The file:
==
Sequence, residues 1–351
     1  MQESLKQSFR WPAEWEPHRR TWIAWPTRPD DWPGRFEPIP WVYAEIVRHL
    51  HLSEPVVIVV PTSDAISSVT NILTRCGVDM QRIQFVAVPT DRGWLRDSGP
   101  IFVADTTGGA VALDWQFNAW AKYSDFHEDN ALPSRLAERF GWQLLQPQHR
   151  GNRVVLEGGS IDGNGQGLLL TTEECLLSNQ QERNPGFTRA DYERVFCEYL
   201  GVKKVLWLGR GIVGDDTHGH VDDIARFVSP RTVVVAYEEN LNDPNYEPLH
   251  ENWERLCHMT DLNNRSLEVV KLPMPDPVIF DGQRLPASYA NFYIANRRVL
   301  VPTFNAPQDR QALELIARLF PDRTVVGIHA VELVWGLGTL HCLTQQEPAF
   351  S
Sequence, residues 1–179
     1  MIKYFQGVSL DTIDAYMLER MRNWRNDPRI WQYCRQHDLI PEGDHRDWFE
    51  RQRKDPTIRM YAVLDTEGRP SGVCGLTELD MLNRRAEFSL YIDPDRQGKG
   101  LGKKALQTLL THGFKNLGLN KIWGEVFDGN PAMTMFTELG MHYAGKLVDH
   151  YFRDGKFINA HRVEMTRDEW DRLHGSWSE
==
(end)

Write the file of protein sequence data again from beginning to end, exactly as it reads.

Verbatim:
Sequence, residues 1–351
     1  MQESLKQSFR WPAEWEPHRR TWIAWPTRPD DWPGRFEPIP WVYAEIVRHL
    51  HLSEPVVIVV PTSDAISSVT NILTRCGVDM QRIQFVAVPT DRGWLRDSGP
   101  IFVADTTGGA VALDWQFNAW AKYSDFHEDN ALPSRLAERF GWQLLQPQHR
   151  GNRVVLEGGS IDGNGQGLLL TTEECLLSNQ QERNPGFTRA DYERVFCEYL
   201  GVKKVLWLGR GIVGDDTHGH VDDIARFVSP RTVVVAYEEN LNDPNYEPLH
   251  ENWERLCHMT DLNNRSLEVV KLPMPDPVIF DGQRLPASYA NFYIANRRVL
   301  VPTFNAPQDR QALELIARLF PDRTVVGIHA VELVWGLGTL HCLTQQEPAF
   351  S
Sequence, residues 1–179
     1  MIKYFQGVSL DTIDAYMLER MRNWRNDPRI WQYCRQHDLI PEGDHRDWFE
    51  RQRKDPTIRM YAVLDTEGRP SGVCGLTELD MLNRRAEFSL YIDPDRQGKG
   101  LGKKALQTLL THGFKNLGLN KIWGEVFDGN PAMTMFTELG MHYAGKLVDH
   151  YFRDGKFINA HRVEMTRDEW DRLHGSWSE